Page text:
Now that the Metropolitan Police have wound up their investigation, and issued the final batch of fines, the long wait for Sue Gray's findings is almost over.
The expectation is that the senior civil servant will publish her report on Covid-rule breaking parties at No 10 next week - when Parliament is still sitting - and the prime minister will then give his promised statement in the Commons.
Boris Johnson's critics are hoping the Gray report in to "Partygate" will set out the scale of law-breaking on his watch in primary colours.
But will it be quite as devastating as they wish?
We are told Downing Street officials haven't yet seen the full report and have made no attempt to dilute it.
Insiders believe that, while it will be "damning for the civil service", Ms Gray will not deliver a killer blow to the PM.
A source familiar with the report believed Ms Gray's assessment would be that there were trails of evidence to suggest he was badly advised, and not necessarily aware of what events he was stumbling into.
But if the report reveals what one senior Conservative describes as "industrial" rule-breaking at the heart of government, it will be difficult for Mr Johnson to plead ignorance.
Ms Gray's initial update, published in January, was filleted of the detail of any gatherings the police had decided to investigate. A source familiar with details of her report went as far as to say she would not have taken it on had she known the police would delay it.
But that interim report gives strong clues about her likely final conclusions.
In it, she decried failures of leadership and judgement by different parts of No 10 and the Cabinet Office at different times.
She also pronounced that some gatherings "should not have been allowed to develop as they did".
So it could be that gory details of the gatherings will now be provided, and be set unflatteringly in the context of the prevailing rules at the time - and this carries a degree of jeopardy for the prime minister.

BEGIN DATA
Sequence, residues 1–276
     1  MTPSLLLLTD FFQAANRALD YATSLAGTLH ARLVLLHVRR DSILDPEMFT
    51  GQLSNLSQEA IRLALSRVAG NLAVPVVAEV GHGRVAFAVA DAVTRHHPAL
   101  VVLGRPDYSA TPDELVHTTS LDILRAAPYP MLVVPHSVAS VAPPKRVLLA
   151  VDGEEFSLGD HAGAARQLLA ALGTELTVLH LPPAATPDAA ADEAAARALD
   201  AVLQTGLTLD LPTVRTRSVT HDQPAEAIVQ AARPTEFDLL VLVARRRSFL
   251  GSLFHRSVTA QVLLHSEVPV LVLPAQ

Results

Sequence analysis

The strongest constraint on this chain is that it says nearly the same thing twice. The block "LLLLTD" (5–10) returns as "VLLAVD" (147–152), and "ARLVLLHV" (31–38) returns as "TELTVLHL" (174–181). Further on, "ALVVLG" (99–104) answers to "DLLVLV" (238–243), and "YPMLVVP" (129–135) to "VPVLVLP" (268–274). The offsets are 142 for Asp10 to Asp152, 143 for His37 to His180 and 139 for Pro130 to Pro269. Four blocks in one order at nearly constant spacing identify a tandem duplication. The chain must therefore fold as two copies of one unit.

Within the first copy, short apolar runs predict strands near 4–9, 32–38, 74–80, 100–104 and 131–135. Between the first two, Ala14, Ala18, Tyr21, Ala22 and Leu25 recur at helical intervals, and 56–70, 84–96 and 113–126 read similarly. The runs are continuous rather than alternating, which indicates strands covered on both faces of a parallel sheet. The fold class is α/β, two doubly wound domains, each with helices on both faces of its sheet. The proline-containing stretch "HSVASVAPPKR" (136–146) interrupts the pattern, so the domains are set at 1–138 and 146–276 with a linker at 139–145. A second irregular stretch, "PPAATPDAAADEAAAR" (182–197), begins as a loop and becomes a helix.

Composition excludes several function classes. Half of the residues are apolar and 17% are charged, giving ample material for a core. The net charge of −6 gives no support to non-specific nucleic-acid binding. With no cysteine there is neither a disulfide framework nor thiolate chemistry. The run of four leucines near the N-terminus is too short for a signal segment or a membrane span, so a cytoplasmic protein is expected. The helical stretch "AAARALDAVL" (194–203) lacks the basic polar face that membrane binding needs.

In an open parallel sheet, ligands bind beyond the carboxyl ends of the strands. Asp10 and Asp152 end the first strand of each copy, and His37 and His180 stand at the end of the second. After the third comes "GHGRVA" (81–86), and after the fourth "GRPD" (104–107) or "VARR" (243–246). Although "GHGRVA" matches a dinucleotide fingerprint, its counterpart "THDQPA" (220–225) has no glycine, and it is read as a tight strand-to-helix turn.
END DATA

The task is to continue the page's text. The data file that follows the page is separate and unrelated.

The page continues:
She is likely to reveal details of events which the police either didn't investigate - or didn't issue fines for.
For example, we know Carrie Johnson didn't get a Fixed Penalty Notice for an alleged event in Downing Street which Ms Gray is looking at - but this might nonetheless receive a poor verdict in the court of public opinion.
Ms Gray has already stated: "Too little thought (was) given to what was happening across the country in considering the appropriateness of some of these gatherings... and how they might appear to the public."
It's all but certain the official opposition will then have ready examples of families unable to see dying loved ones, or organise parties for young children, on the same days as the events in Downing Street chronicled by Ms Gray.
And the simple act of officially setting out the prime minister's own attendance at some of these events may prove uncomfortable.
But while Ms Gray will confirm what events Mr Johnson attended but may not answer questions, many of his opponents want to know details such as whether he really knew the nature of an event before turning up.
For example, Mr Johnson has maintained he "believed implicitly" that the event in the Downing Street garden, for which some attendees were fined, was a "work event".
But even if Ms Gray were to describe it as no such thing, it simply isn't in her remit to challenge his "belief".
Will there be new evidence?